According to a recent study published May 15, in HealthDay News, those who are out of shape in their 40s and 50s can begin a fitness regimen and still succeed in lowering their odds for heart failure later in life. Yet, according to the American Heart Association (AHA), getting Americans to move more and eat better continues to be a huge barrier towards achieving heart health; thirty-two percent of American adults continue to perform no aerobic activity.
The AHA Recommendation for heart health is 150 minutes of moderate intensity or 75 minutes of vigorous intensity aerobic activity each week. However, those who have reached middle age and find exercise a distant memory, or something yet to be attempted, chances are the barriers to initiating a fitness plan seem overwhelming.
According to Russell Pate Ph.D professor in the Department of Exercise at the University of South Carolina, in an Jan.11, 2013 American Lung Association article, “Building physical activity back into our daily lives is one of the great public health challenges of this century.”
So if you are over 40 and having trouble beginning an exercise program here are 5 top tips for ‘sneaking fitness’ into your life: be it dancing around your living room or walking to the fax, there are opportunities everyday to increase activity level for a heart health:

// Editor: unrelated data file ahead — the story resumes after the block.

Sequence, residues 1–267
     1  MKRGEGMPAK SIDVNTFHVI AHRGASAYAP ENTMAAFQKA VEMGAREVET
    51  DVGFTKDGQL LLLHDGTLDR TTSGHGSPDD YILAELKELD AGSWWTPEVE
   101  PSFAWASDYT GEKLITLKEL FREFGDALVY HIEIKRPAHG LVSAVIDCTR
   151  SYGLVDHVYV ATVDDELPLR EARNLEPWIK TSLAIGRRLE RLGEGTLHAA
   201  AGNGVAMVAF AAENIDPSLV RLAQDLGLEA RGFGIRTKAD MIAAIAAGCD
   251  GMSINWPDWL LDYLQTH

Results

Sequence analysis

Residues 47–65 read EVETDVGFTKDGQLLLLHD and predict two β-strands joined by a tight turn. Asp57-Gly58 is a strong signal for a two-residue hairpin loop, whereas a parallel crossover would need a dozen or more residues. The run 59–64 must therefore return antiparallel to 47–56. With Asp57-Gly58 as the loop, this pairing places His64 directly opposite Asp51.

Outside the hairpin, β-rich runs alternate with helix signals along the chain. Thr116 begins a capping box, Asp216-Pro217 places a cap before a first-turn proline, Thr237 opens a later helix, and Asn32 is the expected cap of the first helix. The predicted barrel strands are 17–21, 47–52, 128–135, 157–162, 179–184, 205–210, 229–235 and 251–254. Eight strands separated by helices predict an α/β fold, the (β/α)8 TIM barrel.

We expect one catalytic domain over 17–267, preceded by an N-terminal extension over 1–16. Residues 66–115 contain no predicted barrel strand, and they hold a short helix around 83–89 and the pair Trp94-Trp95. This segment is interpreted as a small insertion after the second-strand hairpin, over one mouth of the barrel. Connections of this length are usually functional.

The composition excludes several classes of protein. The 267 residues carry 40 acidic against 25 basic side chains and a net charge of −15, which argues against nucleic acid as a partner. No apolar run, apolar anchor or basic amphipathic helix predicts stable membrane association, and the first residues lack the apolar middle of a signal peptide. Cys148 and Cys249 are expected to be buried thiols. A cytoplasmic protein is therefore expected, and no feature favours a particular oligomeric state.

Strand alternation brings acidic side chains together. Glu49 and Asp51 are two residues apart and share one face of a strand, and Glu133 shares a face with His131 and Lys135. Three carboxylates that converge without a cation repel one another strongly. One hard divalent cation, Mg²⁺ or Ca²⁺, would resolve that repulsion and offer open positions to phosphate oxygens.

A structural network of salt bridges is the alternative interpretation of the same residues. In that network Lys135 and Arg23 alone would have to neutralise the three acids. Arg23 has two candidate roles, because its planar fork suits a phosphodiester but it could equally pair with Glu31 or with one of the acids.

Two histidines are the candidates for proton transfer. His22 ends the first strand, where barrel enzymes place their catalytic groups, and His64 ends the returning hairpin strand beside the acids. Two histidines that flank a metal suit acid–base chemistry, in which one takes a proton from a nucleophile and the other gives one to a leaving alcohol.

Get Fit in Middle Age to Cut Heart Failure Risk, Study Says; May 15, Health News, HealthDay, Steven Reinberg, Health Day Reporter
No time for exercise? Try our Top 10 Tips to get more! Updated: Jan 11,2013 American Heart and Lung association
1)Walk: for a purpose
Especially if you are not a fan of the treadmill, walking for a reason other than exercise can take the pressure off.
Get out the leash and walk your dog. It’s a great activity for both man and man’s best friend. Your heart — and your pooch — will thank you!
Go for a walk with your child, or other family member: builds quality one-on-one time while setting a healthy example.
Sweating (or shivering) at the thought of walking outside? Go for a mall walk: window shop, people watch and give your heart a workout in a climate-controlled and safe environment.
Walk and talk. Even if you’re glued to your phone for work calls, you don’t have to be glued to your seat. Make it a habit to talk and walk. Try to incorporate ‘walking meetings’ into your workday and instigate a health conscious culture at the office.
2) Add exercise to everyday activities:
Our bodies were designed to be physically active, but our modern day conveniences have encouraged a more sedentary lifestyle. It may take some effort to spare the extra time, but isn’t your heart worth it?
Park and walk. Stop wasting time circling the parking lot for that ‘perfect spot’. Spare yourself the stress and gain more energy by parking far away (or even in a remote lot) and walking farther to your destination.
Take the stairs. The elevator may go up and down, but your heart rate won’t budge unless your body does. Take the stairs instead. It may be a struggle at first, but take your time, and eventually you will adapt and your body will gain the benefits.